Backsliding: Losing Your Way in Organization

Backsliding: Losing Your Way in Organization

Beth Zeigler
Mar 11, 2010


An organized space can quickly turn into chaos without maintenance
One of our friends recently asked us to assess his home office situation. His issue--he had become "unorganized" and needed guidance. We knew immediately that he had encountered "backsliding."

In the organizing world, backsliding is when you've lost your way during the organizing process. Almost all individuals experience backsliding at some point or another--but it's how one handles this challenge that makes all the difference. The most important thing that we can impart on folks is to expect backsliding. If you expect it to happen, you're more likely to be aware when your systems unravel and tweak the approach. On the other hand, it's when folks aren't aware and cognizant of backsliding that they think "I must not have the organizing gene." That's when maintenance comes to a hault and the clutter comes right back.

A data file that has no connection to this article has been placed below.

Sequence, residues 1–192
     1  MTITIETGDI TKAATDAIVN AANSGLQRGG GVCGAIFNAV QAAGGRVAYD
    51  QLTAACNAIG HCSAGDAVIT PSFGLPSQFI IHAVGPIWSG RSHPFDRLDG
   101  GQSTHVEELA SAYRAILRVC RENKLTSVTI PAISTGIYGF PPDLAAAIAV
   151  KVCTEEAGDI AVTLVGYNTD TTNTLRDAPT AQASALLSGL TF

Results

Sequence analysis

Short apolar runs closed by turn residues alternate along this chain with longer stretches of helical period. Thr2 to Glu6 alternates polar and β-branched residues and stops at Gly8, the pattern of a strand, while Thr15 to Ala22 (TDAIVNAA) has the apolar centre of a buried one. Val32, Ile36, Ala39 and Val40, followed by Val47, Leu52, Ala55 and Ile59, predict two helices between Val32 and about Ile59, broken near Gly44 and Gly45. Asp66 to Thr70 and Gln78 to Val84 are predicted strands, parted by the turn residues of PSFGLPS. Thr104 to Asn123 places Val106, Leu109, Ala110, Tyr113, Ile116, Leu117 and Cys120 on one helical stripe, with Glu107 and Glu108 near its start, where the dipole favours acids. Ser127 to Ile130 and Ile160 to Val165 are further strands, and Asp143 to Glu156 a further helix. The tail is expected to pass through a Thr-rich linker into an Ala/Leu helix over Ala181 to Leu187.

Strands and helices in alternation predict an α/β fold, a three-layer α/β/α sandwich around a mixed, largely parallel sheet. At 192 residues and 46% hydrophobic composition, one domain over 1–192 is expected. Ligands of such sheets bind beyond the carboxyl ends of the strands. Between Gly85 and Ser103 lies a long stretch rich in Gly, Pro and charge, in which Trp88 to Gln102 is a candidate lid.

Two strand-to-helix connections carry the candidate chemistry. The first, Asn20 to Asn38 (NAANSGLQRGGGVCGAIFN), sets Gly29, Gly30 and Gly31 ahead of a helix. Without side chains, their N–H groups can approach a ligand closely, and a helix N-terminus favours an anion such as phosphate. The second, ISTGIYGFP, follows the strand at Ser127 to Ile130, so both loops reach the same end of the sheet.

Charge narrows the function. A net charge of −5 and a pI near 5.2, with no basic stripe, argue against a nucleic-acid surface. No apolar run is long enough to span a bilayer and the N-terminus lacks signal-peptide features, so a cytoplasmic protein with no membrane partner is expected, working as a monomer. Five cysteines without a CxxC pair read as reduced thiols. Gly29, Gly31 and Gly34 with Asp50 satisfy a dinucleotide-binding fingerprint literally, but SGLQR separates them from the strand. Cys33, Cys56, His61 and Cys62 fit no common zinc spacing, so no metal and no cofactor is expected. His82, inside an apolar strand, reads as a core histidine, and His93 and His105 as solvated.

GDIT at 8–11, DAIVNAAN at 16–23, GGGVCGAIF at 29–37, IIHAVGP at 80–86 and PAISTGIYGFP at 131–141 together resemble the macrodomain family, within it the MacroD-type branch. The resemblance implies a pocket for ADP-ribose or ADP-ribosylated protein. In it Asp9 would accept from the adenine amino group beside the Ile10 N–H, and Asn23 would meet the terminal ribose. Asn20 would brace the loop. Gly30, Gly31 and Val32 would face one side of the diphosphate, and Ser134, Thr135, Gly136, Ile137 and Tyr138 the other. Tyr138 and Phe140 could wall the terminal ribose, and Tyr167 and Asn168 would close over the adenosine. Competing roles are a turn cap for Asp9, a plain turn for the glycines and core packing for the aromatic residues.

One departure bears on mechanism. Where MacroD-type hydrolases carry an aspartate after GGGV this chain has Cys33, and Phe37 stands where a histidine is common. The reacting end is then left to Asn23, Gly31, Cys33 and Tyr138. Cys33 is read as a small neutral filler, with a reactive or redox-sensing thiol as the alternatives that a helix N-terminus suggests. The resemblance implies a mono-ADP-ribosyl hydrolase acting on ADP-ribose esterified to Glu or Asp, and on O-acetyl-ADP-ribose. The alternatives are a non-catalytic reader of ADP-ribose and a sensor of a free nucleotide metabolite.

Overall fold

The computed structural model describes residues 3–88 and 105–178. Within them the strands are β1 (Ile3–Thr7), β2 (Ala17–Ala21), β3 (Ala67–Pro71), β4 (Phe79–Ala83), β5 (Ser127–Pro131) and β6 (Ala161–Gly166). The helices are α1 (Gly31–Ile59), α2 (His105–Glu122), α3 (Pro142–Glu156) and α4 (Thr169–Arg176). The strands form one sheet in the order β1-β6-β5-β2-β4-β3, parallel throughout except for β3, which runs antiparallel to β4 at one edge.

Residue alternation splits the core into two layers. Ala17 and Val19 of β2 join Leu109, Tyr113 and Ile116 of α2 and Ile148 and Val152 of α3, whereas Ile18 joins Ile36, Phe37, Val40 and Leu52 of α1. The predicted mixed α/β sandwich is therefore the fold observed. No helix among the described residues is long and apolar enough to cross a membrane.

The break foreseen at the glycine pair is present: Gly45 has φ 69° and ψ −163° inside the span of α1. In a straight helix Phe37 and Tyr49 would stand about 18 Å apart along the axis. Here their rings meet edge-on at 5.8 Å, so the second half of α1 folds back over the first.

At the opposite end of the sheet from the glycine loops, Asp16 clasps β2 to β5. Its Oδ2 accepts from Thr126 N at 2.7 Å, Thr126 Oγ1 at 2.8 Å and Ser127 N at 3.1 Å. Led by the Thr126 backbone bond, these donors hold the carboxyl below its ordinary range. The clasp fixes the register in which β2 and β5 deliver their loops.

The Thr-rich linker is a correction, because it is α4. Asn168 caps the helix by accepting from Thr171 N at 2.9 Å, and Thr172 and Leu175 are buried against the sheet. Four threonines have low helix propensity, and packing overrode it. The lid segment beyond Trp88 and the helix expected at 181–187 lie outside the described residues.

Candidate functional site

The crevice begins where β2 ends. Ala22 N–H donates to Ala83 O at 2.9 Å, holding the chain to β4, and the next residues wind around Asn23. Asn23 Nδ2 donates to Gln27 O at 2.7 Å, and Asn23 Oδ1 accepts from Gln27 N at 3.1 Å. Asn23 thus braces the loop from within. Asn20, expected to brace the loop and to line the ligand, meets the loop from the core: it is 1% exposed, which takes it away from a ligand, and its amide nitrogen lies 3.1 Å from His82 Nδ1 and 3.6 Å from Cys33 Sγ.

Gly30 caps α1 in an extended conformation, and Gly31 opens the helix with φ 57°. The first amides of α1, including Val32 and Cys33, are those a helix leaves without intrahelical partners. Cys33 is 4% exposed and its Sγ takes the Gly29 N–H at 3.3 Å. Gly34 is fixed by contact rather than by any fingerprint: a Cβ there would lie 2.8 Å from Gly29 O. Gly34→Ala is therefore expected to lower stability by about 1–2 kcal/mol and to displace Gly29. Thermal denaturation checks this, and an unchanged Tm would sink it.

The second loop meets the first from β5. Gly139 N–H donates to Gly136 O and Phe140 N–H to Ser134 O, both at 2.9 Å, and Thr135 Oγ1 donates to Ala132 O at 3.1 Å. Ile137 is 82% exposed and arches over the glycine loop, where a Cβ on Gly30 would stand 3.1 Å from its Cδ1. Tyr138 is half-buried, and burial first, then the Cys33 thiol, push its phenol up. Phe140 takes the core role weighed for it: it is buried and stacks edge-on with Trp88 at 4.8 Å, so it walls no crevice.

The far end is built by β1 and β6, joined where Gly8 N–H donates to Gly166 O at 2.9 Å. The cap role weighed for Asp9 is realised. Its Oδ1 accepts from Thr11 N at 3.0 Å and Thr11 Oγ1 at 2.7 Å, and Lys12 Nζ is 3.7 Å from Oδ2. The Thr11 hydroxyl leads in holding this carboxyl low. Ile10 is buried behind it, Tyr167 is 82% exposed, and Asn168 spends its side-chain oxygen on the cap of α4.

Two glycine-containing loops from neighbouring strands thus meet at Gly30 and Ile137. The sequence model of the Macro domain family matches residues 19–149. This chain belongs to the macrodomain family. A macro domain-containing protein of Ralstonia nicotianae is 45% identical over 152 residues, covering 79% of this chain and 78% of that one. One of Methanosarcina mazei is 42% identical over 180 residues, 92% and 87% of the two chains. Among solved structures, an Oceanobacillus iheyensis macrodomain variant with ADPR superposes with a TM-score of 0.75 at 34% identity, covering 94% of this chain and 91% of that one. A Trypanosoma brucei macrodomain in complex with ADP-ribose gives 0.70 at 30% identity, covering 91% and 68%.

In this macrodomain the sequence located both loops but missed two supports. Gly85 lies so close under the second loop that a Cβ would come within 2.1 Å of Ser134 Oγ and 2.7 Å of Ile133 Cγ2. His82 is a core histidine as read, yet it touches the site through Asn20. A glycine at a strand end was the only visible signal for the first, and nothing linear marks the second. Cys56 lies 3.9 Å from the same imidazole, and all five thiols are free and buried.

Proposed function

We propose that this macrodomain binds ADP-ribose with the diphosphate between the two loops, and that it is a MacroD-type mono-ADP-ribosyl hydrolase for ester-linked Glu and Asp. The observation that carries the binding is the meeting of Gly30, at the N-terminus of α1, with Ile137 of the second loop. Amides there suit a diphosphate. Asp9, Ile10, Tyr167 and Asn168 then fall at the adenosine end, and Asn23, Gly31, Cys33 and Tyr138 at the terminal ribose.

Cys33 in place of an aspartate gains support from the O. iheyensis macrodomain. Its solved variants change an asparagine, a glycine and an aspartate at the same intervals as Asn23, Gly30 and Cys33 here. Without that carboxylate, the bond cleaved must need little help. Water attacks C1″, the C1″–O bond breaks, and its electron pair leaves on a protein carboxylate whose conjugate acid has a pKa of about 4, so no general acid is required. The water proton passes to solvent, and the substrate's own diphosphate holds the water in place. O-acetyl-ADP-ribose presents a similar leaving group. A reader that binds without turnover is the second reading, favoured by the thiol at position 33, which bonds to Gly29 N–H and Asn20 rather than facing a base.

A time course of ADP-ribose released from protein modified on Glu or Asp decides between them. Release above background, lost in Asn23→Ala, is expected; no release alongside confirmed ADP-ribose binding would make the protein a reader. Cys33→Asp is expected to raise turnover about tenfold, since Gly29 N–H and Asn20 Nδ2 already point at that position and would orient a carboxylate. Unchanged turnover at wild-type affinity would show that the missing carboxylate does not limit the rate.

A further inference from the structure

Once you're aware that your organized space has unravelled, assess the situation

  • Were you sick with the flu for a week and couldn't maintain your systems?
  • Was there a pet or family emergency that channeled your time and energy in another direction?
  • Or perhaps you just endured the busiest work week to date and were just plumb tired each day you came home (therefore impeding any upkeep at home).
  • Maybe your systems are too intricate and not even the most organized person would be able to keep up with all the tasks at hand.
  • We've encountered lots of folks who "get organized" overnight, only to burn out fast.

Tips to keep you on track

  • If the busy pace of life is to blame, perhaps you can delegate tasks to other family members so you don't fall too far behind.
  • Don't be too hard on yourself if emergencies and illness gets in the way of your progress. Just know that once things get better, you'll be back on track to maintain your organizing goals.
  • We think it's always smarter to incorporate one new system/habit at a time. Once you get the hang of a new way of doing things, then add another process or procedure.
  • One of our favorite organizing tips is to use a kitchen timer. Set the timer for 15-30 minutes and only organize for that set amount of time. You'd be surprised at what you can accomplish in such a short time period--not to mention, you won't get burnt out and give up on maintaining your organized space.

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(Images: Beth Zeigler)

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